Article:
Prospective trader checklist
“Unfortunately, many people that fall victim to trading scams are beginner traders, elderly or those struggling financially,” says Dany Mawas, regional director at Infinox, a global contracts for difference (CFDs) trading broker which recently launched its IX Social mobile app in Africa. Mawas outlines a checklist that will help prospective traders to steer clear of scammers.
Do your research
As a new investor, seeking the ideal broker can be a daunting task. Be careful when searching for the cheapest online trading platform South Africa and look for trusted, verified sources of information. Spend some time on generic internet searches, reading customer reviews and media reports that will give you a better sense of the broker you are dealing with as well as insights from other clients.
Ensure the broker is regulated
Brokers are required to register with a regulator in the countries where they operate. As such, it is vital to ensure that the broker you choose is regulated with an authority. Examples of respected regulatory bodies include South Africa’s Financial Sector Conduct Authority (FSCA) or the United Kingdom’s Financial Conduct Authority (FCA).
Check the broker’s Web site
Another plus of broker regulation is that brokers must be transparent to ensure that traders can make the most informed decisions. One such transparency is making clear, as a percentage level, the number of traders that have lost money with that broker.
It is also important to check that the broker has a physical address listed. Although brokers run their businesses online, including a physical location is an indication of their commitment to their business, their teams, and ultimately to their clients.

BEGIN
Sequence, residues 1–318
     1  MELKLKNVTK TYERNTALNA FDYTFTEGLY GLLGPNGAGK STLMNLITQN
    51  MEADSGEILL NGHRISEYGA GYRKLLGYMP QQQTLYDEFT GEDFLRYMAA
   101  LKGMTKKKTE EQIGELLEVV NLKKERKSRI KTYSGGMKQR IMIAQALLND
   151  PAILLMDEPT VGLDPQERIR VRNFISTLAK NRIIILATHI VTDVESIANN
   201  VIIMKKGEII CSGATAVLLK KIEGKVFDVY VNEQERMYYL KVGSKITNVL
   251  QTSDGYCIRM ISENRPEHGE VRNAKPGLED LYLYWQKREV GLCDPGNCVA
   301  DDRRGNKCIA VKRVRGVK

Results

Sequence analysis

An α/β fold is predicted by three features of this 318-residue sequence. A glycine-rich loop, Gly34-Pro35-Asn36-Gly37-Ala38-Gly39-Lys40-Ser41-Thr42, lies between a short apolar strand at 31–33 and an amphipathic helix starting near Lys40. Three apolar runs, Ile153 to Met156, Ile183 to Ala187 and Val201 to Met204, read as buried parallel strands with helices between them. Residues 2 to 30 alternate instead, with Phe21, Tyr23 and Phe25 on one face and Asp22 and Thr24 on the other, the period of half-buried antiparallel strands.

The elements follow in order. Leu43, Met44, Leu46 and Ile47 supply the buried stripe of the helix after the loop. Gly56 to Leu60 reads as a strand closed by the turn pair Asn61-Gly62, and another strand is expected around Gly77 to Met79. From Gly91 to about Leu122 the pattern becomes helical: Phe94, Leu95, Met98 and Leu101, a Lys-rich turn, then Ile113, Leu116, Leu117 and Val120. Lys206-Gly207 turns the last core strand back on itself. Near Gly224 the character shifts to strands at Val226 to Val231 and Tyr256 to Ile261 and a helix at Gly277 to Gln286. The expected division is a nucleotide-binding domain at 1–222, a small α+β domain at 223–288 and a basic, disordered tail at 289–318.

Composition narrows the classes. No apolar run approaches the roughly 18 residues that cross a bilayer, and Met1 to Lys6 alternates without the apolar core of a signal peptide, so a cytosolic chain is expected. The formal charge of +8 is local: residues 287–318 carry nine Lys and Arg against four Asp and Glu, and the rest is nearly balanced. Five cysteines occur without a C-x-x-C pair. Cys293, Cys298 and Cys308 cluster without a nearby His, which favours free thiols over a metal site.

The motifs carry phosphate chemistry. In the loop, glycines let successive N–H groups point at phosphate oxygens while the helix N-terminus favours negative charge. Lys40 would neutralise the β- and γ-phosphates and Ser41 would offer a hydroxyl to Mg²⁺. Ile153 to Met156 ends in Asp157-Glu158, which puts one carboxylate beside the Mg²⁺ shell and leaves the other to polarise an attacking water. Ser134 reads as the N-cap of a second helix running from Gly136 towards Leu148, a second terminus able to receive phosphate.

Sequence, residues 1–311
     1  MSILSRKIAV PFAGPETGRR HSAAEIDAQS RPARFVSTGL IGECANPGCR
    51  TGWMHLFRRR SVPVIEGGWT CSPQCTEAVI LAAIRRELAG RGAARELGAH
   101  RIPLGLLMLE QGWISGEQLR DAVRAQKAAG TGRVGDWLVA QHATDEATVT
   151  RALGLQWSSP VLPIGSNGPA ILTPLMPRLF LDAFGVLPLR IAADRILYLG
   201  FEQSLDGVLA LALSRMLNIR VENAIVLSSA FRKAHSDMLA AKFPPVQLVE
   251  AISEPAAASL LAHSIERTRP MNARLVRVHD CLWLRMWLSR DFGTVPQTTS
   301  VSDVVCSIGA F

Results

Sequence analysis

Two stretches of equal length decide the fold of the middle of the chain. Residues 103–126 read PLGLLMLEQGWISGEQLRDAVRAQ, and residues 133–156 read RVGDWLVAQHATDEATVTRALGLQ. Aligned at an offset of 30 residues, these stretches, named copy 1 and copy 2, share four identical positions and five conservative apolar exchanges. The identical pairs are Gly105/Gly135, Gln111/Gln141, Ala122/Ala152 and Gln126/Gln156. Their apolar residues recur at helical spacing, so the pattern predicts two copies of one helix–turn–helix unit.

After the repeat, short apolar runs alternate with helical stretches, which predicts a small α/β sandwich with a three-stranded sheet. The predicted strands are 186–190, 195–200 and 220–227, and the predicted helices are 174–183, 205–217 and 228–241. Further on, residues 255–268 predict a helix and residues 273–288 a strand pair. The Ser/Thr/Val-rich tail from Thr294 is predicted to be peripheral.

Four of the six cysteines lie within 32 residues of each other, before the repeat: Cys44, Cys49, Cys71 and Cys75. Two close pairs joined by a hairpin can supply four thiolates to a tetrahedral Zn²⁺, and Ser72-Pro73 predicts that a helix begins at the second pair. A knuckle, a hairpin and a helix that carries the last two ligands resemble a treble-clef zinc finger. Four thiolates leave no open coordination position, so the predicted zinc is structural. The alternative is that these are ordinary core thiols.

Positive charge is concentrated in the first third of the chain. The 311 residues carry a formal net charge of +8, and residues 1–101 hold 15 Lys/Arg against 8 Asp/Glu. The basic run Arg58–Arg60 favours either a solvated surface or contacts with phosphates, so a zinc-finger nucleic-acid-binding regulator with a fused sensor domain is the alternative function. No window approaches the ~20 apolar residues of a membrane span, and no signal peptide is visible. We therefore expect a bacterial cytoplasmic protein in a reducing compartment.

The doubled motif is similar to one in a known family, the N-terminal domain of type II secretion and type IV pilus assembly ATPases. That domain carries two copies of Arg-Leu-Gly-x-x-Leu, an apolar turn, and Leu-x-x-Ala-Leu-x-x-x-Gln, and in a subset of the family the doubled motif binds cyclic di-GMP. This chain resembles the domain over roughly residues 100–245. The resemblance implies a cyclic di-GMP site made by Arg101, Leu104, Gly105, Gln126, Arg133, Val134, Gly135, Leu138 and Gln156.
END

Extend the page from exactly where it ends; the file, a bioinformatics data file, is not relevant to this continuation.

Be wary of brokers facilitating overly-easy opening of accounts, deposits, trades, and returns—especially if there is no “paper trail”. Legitimate brokers will ask for certified proof of identity and other essential personal information such as bank account details, proof of address, tax number, and so on.
Be vigilant on social media
A report by TradeForexSA which positions itself as “the number one guide to forex trading in South Africa” suggests that 50% of scams find their victims on social media platforms. The report analysed over 400 responses and indicates that Facebook and Instagram are most popular hunting grounds for scammers and bad brokers, with the largest reported theft coming in at almost R650,000, while victims lost R12,000 on average.
The report finds that 34.2% of the scams originated on Facebook and 19.6% Instagram. 47% of victims were scammed by individuals and almost 20% of victims paid their scammers in Bitcoin. 13% of all broker complaints concerned JP Markets, a platform placed under final liquidation as per the order of the Gauteng High Court after the FSCA filed an urgent application to liquidate the organisation and freeze its bank accounts for not paying out client withdrawals, not posting client’s deposits to their trading accounts, and manipulating data feeds.
Are protective measures in place?
Withdrawal and deposits are one of the most important services of a broker. You should be able to perform these actions simply and safely. Generally, the scammers follow the same patterns of high minimum deposits, and low withdrawal limits.
However, traders should be able to deposit and withdraw funds easily via a client portal. This is served by brokers partnering with trusted payment providers with low fees and fast transactions. Being able to access your funds at any point you choose is vital. It is also important that client funds are segregated from operational funds and other forms of investment. Furthermore, brokers should have an insurance policy in place to protect their clients.
Africa is fast becoming one of the primary destinations for traders of all financial assets, says Infinox’s Dany Mawas. “As such, it is essential for traders to be wary of online trading scams and ensure they remain vigilant and do not fall victim,” he concludes.
If you find yourself falling into the hands of scammers, one solution may be MyChargeBack.com, a global leader in fund recovery services. Working with over 750 banks worldwide, the company has retrieved millions of dollars for clients in more than 150 countries and opened an office in South Africa last year owing to “… the steady rise in the number of inquiries we receive from consumers there, who have been unable to obtain refunds from merchants, from whom they purchased goods and services that were not provided as agreed,” according to Michael Cohen, MyChargeBack’s Vice President of Operations. DM